TI’s new HDC1000 integrated humidity and temperature sensor provides high accuracy and low power in a small, dust-resistant package.
Designers of building control equipment can implement accurate, energy-saving climate control in small spaces, while designers of home appliances and consumer goods can easily add humidity-sensing capabilities to their products.
High accuracy, low power
The HDC1000 consumes only 1.2 µA average current when measuring relative humidity and temperature at 11-bit resolution, once per second, extending battery life in remote applications.
HDC1000 – Low Power, High Accuracy Humidity Sensor with Integrated Digital Temperature Sensor – [Link]
Colin over at CuPID Controls writes:
We want to put our remote sense and control modules out into the wild and read and aggregate them as it makes sense.
Our basic system layout is as below. We’ve got multiple wireless nodes that broadcast data periodically, and a controller/aggregator that will log this data, acknowledge receipt, and do something useful with it. Eventually, we may have intermediate powered nodes that serve to mesh the grid out, but for now, our nodes just send data to the controller.
We’re currently using these awesome little RF units, called Moteinos. They are an Arduino clone that can use the standard IDE with their bootloader. They’ve got the ever-so-popular ATMega328P chip that is familiar to anybody working with an Arduino Nano or Uno.
Adventures in Moteino: Remote temperature monitor – [Link]
by appleman123987 @ instructables.com:
The planterbot is a plant monitoring robot. It uses capacitance for sensing moisture from the plant instead of using the usual soil probe, this means that wires don’t go into the plant. It also detects temperature and light using thermistors and Cds photocells and displays the temperature and light graphically on the front facing LCD.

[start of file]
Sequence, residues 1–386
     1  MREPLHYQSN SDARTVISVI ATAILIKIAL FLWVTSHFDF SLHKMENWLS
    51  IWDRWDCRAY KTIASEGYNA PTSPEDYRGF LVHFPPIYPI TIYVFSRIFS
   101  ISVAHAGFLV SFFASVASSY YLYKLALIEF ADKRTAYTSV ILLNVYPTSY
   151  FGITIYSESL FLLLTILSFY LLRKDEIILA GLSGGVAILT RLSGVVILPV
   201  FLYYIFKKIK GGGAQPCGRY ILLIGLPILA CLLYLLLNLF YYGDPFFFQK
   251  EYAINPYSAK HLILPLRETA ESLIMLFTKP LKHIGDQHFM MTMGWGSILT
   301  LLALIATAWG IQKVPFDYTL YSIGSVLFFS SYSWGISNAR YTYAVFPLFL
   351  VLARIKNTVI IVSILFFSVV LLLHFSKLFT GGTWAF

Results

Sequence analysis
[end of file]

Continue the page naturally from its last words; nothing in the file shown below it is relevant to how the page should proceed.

Planterbot – The Plant Monitoring Robot – [Link]
Charles Edward Pax has announced that the T400 temperature datalogger is now being offered on Kickstarter!
The Pax Instruments T400 datalogger is an open source four-channel thermocouple temperature datalogger based on the Arduino™ Leonardo platform. It is ready to use out of the box with the features you want most. Measurements can be logged to MicoSD card, printed to serial port, and graphed. The T400 is a great tool for anything from live thermal process monitoring in the lab to long-term environmental data collection in the field.
Data logger handles four thermocouples – [Link]
What could you make with a key fob containing a Bluetooth (BCM20737S) Smart chip, gyroscope, accelerometer, compass, barometer and humidity/temperature sensors? Broadcom are hoping their WICED (pronounced wicked) Sense kit will make an ideal development platform for engineers and developers working on the next generation of IoT applications. Together with the hardware Broadcom have an integrated Software Development Kit (SDK) using the WICED Smart SDK v2.1 and a downloadable WICED Sense app from the Apple App store or from Google Play for Android devices to allow interaction with the fob via a smartphone or tablet etc.
Something Wicked this Way Comes – [Link]
by BrittLiv @ instructables.com: